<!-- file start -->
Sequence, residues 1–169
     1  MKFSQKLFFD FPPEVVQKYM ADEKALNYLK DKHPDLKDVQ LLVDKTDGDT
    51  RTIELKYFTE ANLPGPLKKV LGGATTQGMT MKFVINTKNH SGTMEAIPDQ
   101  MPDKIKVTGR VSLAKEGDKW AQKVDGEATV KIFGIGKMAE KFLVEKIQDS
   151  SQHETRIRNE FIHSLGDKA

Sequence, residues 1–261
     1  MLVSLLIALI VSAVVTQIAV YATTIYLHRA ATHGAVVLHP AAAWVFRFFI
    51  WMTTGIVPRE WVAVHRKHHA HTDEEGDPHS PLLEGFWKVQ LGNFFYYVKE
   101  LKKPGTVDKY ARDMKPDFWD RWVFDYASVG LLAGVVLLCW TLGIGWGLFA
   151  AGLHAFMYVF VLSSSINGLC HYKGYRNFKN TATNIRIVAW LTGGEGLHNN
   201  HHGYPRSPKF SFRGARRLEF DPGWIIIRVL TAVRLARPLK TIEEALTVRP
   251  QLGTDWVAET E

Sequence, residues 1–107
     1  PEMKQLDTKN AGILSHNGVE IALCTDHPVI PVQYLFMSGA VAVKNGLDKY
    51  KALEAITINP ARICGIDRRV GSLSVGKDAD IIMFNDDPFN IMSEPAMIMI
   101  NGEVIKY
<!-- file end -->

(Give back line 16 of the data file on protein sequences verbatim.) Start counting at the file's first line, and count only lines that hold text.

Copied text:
   101  NGEVIKY